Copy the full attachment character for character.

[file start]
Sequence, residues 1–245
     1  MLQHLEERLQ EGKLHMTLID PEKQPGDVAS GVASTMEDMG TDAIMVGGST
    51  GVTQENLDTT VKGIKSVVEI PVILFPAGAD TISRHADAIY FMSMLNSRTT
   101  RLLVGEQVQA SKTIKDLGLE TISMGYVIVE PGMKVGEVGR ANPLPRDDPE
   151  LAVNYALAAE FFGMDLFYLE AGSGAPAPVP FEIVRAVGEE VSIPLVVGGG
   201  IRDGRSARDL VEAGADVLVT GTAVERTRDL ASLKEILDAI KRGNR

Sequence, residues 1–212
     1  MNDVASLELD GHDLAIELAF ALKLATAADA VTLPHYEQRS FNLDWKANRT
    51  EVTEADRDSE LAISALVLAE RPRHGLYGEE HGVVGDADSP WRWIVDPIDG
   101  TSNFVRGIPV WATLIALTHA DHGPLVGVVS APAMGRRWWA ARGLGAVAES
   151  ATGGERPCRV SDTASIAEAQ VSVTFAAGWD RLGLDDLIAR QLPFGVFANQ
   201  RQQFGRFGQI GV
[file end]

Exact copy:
Sequence, residues 1–245
     1  MLQHLEERLQ EGKLHMTLID PEKQPGDVAS GVASTMEDMG TDAIMVGGST
    51  GVTQENLDTT VKGIKSVVEI PVILFPAGAD TISRHADAIY FMSMLNSRTT
   101  RLLVGEQVQA SKTIKDLGLE TISMGYVIVE PGMKVGEVGR ANPLPRDDPE
   151  LAVNYALAAE FFGMDLFYLE AGSGAPAPVP FEIVRAVGEE VSIPLVVGGG
   201  IRDGRSARDL VEAGADVLVT GTAVERTRDL ASLKEILDAI KRGNR

Sequence, residues 1–212
     1  MNDVASLELD GHDLAIELAF ALKLATAADA VTLPHYEQRS FNLDWKANRT
    51  EVTEADRDSE LAISALVLAE RPRHGLYGEE HGVVGDADSP WRWIVDPIDG
   101  TSNFVRGIPV WATLIALTHA DHGPLVGVVS APAMGRRWWA ARGLGAVAES
   151  ATGGERPCRV SDTASIAEAQ VSVTFAAGWD RLGLDDLIAR QLPFGVFANQ
   201  RQQFGRFGQI GV